Resource Library

Should Workers’ Compensation Be Offered to Gig Economy Workers?

Topics: Personal Injury, Workers' Compensation

With the economic landscape changing to include more and more gig workers, concerns over on-the-job injuries have begun to arise. Gig economy workers do not typically get workers’ compensation from the companies they work for. This can put a big financial burden on these workers since they, instead of the employer, are responsible for covering the entire cost of their medical care. It’s also important to note that some of these jobs, including those that involve driving, are considered among the most hazardous ones in the U.S., according to Quartz. This begs the question: should companies start offering this coverage to gig economy workers? Employee vs. Independent Contractor People who work in “on demand” jobs, or gig economy jobs, are not considered company employees. Instead, they are considered independent contractors. As contractors, they are not likely to receive benefits and coverage that companies generally offer their full-time and part-time employees. Such benefits would include workers’ comp and health insurance. Offering contractors compensation for injuries on the job would require companies to pay premiums in addition to the expense of covering regular employees. Rather than take on this cost, many companies do not make workers’ comp available to contractors. When contractors are injured on the job, they are forced to pay for hospital expenses and other medical care on their own. When contractors are unable to pay, these costs are passed on to the general public. Reasons to Offer Workers’ Comp One of the main arguments in favor of offering workers’ comp to gig economy workers is that employees who perform similar types of work, like those who work for construction companies, do receive this coverage. Other workers who are not technically considered employees, such as cab drivers, are able to receive workers’ comp thanks to state agency regulations. Possible solutions to this problem include taking a different approach to making workers’ comp available to gig economy workers that is similar to how the Affordable Care Act has made health coverage available to contractors. Another possible solution would be to make contractors responsible for covering some of the expenses and have the contracting companies cover the rest, including workers’ compensation. Since gig economy workers are allowed to unionize, organizing and bargaining for coverage could present another potential solution. If you have been injured at work, please contact the Law Offices of Scott Warmuth at 1-888-517-9888 to speak to an attorney who handles workers’ compensation cases.   Sources http://qz.com/715131/gig-economy-workers-injured-on-the-job-should-get-workers-comp-protections/  
Resource Library

7 Ways You Can Prepare for Your Personal Injury Case

Topics: Auto Accident, Personal Injury

7 Ways You Can Prepare for Your Personal Injury Case Have you recently suffered an injury as a result of another person or entity's carelessness or negligence? If so, then you may be entitled to compensation. Before you tackle a personal injury case, however, there are some things you should know.
  1. Avoid Common Mistakes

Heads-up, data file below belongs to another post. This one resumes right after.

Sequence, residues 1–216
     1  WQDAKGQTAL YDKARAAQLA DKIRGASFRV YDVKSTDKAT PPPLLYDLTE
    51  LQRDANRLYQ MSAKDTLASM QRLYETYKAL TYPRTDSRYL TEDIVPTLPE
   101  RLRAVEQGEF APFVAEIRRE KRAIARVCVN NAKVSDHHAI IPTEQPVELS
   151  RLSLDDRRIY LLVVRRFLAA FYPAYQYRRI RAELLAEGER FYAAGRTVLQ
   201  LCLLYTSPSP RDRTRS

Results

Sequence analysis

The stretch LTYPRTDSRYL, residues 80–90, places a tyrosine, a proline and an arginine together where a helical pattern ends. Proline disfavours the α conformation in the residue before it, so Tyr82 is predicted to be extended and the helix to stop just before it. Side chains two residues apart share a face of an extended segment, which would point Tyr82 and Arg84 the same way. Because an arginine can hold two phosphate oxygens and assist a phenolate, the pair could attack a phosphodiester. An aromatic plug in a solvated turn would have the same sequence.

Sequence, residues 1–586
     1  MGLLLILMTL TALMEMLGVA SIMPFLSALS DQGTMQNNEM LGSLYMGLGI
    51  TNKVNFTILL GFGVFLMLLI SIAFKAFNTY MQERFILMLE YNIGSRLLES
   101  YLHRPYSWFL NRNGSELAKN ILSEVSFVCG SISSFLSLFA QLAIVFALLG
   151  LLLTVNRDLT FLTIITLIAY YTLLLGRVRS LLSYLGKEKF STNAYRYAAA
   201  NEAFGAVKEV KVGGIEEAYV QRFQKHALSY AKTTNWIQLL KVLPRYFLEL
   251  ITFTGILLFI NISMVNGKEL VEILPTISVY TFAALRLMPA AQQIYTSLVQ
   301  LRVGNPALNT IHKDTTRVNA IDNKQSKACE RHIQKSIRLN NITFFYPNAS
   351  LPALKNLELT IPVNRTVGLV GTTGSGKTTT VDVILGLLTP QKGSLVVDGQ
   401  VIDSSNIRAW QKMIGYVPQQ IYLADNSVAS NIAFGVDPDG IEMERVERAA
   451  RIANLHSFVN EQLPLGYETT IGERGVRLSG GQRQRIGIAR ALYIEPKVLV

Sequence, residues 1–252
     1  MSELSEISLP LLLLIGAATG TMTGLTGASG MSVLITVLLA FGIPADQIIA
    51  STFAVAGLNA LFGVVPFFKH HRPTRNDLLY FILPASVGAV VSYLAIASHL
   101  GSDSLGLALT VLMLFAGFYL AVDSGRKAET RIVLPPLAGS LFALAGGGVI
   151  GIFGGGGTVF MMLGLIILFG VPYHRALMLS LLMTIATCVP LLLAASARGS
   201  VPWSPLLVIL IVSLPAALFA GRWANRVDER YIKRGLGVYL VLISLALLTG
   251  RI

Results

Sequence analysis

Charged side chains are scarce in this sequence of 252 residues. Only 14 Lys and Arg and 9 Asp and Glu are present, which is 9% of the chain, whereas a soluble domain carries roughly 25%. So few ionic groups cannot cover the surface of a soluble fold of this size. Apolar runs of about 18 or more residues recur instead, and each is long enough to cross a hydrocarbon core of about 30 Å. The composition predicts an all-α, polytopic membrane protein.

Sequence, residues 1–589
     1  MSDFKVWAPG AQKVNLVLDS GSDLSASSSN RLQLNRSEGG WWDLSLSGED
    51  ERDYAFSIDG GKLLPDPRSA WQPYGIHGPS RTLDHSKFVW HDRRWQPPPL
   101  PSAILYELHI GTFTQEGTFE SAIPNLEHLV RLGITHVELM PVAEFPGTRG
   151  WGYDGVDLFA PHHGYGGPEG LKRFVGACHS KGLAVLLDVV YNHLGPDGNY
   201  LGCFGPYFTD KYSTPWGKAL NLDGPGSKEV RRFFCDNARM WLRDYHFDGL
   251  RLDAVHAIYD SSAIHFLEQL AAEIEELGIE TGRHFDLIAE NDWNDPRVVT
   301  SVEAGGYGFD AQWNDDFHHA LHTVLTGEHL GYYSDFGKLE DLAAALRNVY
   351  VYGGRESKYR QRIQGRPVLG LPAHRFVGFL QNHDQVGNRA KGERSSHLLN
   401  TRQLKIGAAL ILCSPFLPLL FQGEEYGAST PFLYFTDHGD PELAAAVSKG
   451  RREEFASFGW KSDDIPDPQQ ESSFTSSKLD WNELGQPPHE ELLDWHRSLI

Understand the most common mistakes made in personal injury cases and how to avoid them. This includes ignoring the statute of limitations in your state, discussing your case on social media, or even being untruthful about what happened.
  1. Obtain Necessary Documentation
In order to file a lawsuit, you'll need some important documentation. This includes any relevant police reports, medical paperwork (including hospital bills), incident reports, and any other official documentation related to what happened.
  1. Meet with the Right Lawyer
A personal injury lawsuit isn't something you want to tackle alone. Consult with an experienced and knowledgeable lawyer who has worked with clients in a position similar to yours in the past.
  1. Understand the Process
Speak with your lawyer about what to expect from the process, especially in terms of its length. Many personal injury cases can take months or even years to resolve, so make sure you're informed and prepared.
  1. Prepare for Deposition/Testimony
If your personal injury case goes to court, you'll likely need to testify in front of a judge. This can be a nerve-racking experience, and it can be helpful to speak with your attorney about what to expect and what to say, especially during cross-examination.
  1. Discuss Settlement Possibilities
Not all personal injury lawsuits will go to trial. In fact, your lawyer's goal will be to settle out of court, as this speeds up the process and makes things easier on you as well. Therefore, it's important that you speak with your attorney about what kind of settlement you'd be willing to accept.
  1. Stick to the Facts
Finally, remember to stick to only the facts throughout the entire process. If you lie or even intentionally omit important information about your case or accident, you could find yourself in a great deal of trouble with the law. Be honest with your lawyer so he or she can help you out as much as possible. Looking for legal assistance with your personal injury lawsuit? Schedule your consultation with an experienced personal injury attorney today by contacting The Law Offices of Scott Warmuth toll-free at 888-517-9888.